Antarctic icebergs play key role in climate change: Study

March 26th, 2011 - 5:36 pm ICT by ANI  

London, March 26 (ANI): Researchers have discovered that when icebergs cool and dilute the seas through which they pass for days, they also raise chlorophyll levels in the water that may in turn increase carbon dioxide absorption in the Southern Ocean, a finding that has global implications for climate research.

The research indicates that “iceberg transport and melting have a role in the distribution of phytoplankton in the Weddell Sea,” which was previously unsuspected, said John J. Helly, director of the Laboratory for Environmental and Earth Sciences with the San Diego Supercomputer Center at the University of California, San Diego and Scripps Institution of Oceanography.

The results indicate that icebergs are especially likely to influence phytoplankton dynamics in an area known as “Iceberg Alley,” east of the Antarctic Peninsula, the portion of the continent that extends northwards toward Chile.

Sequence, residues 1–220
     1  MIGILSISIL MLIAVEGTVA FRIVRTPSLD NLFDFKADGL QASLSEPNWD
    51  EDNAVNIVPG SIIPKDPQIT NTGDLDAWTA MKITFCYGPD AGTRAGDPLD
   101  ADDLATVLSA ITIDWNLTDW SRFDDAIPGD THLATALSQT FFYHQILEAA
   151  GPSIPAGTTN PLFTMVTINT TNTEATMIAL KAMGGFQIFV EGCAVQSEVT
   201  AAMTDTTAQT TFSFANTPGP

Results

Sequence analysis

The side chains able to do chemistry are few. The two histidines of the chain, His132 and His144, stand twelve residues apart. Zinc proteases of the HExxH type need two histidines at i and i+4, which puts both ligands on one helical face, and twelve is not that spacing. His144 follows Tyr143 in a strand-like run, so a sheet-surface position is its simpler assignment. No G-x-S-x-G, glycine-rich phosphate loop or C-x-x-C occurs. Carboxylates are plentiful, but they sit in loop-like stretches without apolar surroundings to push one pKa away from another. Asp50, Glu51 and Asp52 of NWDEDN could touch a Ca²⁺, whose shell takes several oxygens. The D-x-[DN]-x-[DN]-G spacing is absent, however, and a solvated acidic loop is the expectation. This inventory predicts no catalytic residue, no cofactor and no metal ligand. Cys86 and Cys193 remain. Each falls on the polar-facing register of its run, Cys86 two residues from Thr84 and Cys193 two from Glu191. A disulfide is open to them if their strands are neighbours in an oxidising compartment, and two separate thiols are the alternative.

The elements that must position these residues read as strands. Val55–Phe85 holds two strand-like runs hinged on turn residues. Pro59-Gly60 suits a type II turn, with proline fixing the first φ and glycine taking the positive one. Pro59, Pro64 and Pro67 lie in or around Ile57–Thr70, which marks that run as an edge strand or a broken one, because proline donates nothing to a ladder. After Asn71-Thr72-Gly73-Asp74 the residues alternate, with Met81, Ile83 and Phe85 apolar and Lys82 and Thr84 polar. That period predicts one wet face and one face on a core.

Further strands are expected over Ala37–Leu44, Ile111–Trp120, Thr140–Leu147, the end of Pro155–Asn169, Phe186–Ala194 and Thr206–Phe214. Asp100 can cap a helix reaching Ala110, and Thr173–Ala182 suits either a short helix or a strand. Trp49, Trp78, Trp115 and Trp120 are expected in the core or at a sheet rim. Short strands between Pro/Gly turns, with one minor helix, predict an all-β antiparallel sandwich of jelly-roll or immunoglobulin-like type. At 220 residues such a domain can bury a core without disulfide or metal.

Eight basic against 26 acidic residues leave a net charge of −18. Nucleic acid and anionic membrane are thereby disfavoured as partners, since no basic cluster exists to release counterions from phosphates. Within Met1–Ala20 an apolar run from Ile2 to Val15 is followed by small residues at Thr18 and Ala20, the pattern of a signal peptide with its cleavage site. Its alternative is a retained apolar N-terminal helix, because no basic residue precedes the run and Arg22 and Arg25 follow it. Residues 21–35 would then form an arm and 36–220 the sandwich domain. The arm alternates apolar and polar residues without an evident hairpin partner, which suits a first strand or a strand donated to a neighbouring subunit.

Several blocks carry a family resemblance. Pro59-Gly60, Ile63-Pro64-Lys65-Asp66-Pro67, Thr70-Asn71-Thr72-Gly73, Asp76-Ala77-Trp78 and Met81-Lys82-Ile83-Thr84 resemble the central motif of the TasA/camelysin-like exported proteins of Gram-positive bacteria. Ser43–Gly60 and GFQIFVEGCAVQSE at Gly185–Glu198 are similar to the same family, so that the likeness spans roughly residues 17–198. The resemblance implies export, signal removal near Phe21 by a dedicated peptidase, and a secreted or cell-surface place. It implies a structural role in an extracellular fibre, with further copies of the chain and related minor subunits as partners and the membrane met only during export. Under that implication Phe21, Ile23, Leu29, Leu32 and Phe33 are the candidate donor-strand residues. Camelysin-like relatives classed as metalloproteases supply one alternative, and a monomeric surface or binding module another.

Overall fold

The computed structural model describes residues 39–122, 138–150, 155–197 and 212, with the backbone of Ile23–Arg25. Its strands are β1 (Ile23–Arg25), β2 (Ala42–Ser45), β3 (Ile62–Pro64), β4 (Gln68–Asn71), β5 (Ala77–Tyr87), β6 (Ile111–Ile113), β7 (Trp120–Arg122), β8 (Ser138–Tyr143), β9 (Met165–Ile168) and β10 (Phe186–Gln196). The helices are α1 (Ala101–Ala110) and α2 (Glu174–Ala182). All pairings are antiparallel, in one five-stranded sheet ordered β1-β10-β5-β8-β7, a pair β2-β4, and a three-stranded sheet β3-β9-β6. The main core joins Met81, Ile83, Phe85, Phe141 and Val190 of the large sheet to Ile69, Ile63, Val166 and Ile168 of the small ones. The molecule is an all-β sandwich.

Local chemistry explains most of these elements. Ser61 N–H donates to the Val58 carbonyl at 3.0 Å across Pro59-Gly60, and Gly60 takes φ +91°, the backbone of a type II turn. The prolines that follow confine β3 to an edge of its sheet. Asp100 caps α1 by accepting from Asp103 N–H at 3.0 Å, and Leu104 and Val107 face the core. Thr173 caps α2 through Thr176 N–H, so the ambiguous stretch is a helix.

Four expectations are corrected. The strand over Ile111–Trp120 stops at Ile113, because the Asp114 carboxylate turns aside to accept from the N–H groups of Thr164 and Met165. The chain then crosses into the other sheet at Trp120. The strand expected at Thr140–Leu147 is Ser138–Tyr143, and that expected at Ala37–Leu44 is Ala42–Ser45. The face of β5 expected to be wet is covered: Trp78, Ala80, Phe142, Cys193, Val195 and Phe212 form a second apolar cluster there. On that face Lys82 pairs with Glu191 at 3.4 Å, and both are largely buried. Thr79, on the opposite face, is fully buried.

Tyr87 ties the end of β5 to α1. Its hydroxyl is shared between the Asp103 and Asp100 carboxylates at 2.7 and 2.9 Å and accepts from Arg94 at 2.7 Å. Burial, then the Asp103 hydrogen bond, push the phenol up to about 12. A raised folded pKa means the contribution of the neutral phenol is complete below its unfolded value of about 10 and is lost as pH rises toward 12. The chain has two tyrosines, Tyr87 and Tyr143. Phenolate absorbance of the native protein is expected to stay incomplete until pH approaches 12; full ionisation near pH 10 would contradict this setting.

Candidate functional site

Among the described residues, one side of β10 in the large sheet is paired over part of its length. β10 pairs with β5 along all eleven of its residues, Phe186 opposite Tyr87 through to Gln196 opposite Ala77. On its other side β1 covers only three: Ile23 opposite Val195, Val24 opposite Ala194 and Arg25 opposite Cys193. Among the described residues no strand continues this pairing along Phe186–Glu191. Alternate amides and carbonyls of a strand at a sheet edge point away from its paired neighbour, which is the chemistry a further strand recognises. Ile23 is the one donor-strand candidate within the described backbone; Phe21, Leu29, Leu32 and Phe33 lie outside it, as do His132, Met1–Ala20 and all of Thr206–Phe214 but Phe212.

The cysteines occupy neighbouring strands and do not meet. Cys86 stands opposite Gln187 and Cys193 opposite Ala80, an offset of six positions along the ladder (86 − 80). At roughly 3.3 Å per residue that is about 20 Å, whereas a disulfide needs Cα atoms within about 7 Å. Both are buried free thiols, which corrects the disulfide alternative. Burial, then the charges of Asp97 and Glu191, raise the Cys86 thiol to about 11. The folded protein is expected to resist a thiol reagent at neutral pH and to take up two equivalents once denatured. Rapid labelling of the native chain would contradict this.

The teams’s research indicates that ordinary icebergs are likely to become more prevalent in the Southern Ocean, particularly as the Antarctic Peninsula continues a well-documented warming trend and ice shelves disintegrate. Research also shows that these ordinary icebergs are important features of not only marine ecosystems, but even of global carbon cycling.

“These new findings amplify the team’s previous discoveries about icebergs and confirm that icebergs contribute yet another, previously unsuspected, dimension of physical and biological complexity to polar ecosystems,” said Roberta L. Marinelli, director of the NSF’s Antarctic Organisms and Ecosystems Program.

The researchers studied the effects by sampling the area around a large iceberg more than 32 kilometers (20 miles) long; the same area was surveyed again ten days later, after the iceberg had drifted away.

After ten days, the scientists observed increased concentrations of chlorophyll a and reduced concentrations of carbon dioxide, as compared to nearby areas without icebergs. These results are consistent with the growth of phytoplankton and the removal of carbon dioxide from the ocean.

The study has been published in journal Nature Geosciences. (ANI)

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